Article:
All roads to Milan

At the world’s premier design event, Salone del Mobile, which concludes on April 23, some of the edgy designs that caught this writer’s eye

April 21, 2023 05:02 pm | Updated 06:09 pm IST

A scene at the Salone Internazionale del Mobile.

A scene at the Salone Internazionale del Mobile. | Photo Credit: Getty Images

The Salone del Mobile.Milano, started by 13 Italian entrepreneurs in 1961 to showcase furniture from Italy annually, is a much sought-after and awaited celebration of furnishings and accessories. Italy has always been home to pathbreaking design, attracting designers from across the world.

This year, in its 61st edition from April 18-23 in the Fiera Milano district in Rho, the exhibits are conveniently spread across a single level for ease of exploration. Euroluce, the lighting design event returns after four years. Salone Satellite features young designers under 35, and facilitates relationships with businesses. Wandering through cathedrals, galleries and piazzas, the backdrop of Milan is enriching, where modern blends with ancient and hi-tech with antiquity, providing seamless experiences in an environment of bespoke heritage. Sustainability is the go-word, with new technology leading the fray, emphasising the need to conserve resources, protect human rights and reduce environmental impact. Here are some designs that caught Property Plus’ eye at the Mobile:

1. Icons of design collab

Cobra lamp by Martinelli Luce

Cobra lamp by Martinelli Luce | Photo Credit:

Italy has always revered its individual masters of the arts right from polymaths as Da Vinci and Michelangelo to modern day Versace. Iconic brands shape design movements by creating a strong sense of look and feel. Highsnobiety Magazine’s collab showcases furniture pieces by renowned designers by designers since the 1920s, from Anna Maria Ferrieri to Jonathan de Pas and others. These head-turners are eye-openers for their early innovative use of plastic and distilled simplicity. Our pick is the Cobra lamp by Martinelli Luce, which speaks volumes of how mundane, everyday objects can inspire enduring forms that go on to become classics.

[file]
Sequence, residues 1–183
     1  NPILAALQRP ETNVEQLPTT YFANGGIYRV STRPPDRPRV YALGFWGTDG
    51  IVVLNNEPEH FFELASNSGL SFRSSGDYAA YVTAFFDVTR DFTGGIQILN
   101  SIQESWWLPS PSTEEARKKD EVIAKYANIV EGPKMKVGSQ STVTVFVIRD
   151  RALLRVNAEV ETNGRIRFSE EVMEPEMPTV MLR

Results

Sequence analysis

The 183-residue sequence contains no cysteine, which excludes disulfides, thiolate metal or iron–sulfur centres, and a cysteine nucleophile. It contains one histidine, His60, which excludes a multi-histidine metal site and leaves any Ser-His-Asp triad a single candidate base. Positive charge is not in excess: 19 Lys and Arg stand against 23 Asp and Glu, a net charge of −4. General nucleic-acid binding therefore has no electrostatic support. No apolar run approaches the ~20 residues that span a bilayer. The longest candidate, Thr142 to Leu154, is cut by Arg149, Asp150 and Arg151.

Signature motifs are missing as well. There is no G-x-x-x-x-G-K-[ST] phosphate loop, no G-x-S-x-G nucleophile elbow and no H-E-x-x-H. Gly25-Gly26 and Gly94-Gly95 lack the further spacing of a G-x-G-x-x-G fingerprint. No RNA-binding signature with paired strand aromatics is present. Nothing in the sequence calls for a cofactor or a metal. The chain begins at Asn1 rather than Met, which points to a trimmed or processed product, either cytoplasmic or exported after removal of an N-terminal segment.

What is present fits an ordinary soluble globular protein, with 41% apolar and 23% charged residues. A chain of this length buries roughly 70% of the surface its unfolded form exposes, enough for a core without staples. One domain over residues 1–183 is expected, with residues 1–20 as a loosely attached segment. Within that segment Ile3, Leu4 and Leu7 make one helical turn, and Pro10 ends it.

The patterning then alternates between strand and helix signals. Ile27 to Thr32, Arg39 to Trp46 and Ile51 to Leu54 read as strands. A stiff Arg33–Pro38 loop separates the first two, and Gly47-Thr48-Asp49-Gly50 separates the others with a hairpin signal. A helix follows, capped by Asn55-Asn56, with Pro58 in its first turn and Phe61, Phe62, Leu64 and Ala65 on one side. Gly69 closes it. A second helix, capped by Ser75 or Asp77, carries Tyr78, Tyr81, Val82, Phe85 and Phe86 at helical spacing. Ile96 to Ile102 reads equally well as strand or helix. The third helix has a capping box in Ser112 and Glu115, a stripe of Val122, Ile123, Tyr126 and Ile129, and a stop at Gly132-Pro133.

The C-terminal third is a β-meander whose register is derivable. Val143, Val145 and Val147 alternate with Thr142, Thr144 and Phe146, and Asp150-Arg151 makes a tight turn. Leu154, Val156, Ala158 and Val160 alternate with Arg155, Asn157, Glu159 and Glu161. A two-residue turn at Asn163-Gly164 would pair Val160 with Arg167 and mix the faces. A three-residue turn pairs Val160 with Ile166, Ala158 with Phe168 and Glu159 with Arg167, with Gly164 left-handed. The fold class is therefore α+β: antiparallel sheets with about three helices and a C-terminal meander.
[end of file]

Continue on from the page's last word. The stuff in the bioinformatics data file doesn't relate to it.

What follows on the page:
2. A circular twist

Doorknob by Atelier Landon of Morocco

Doorknob by Atelier Landon of Morocco | Photo Credit:

I’m a big fan of clever single material use. This gorgeous doorknob by Atelier Landon of Morocco brings mystic Eastern symbolism to blend with modern technology and skill in a single spin. Reminiscent of Indian Bidri-ware and surely inspired by craft, the knob is deceptively simple and made of brass wire. The beauty of this 10cm high knob of 8 cm diameter lies in its ability to turn wire into a spherical shape, one that resonates with nature as in the sun, moon, planets and stars. A bit like those famous lines by Blake — ‘To see a World in a Grain of Sand….Hold Infinity in the palm of your hand.’

3. Beyond the bath

Introverso washbasin by designer Paolo Lupian

Introverso washbasin by designer Paolo Lupian | Photo Credit:

Once functional spaces, bathrooms have notably become sanctuaries where you can pamper yourself and spend dedicated time in wellness. With 172 exhibitors covering an area of 17,000 square metres, the 8th edition’s focus is on sustainability. The Introverso washbasin by designer Paolo Lupian for antoniolupi uses sliced layers of Carrara marble, which you can literally break to create a jagged form. The transparency of the stone and the sculptural shapes are further enhanced by the possibilities of other dimensions — sound and touch. When you slide your fingers along the marble, you can hear natural music.

4. Bend it like bamboo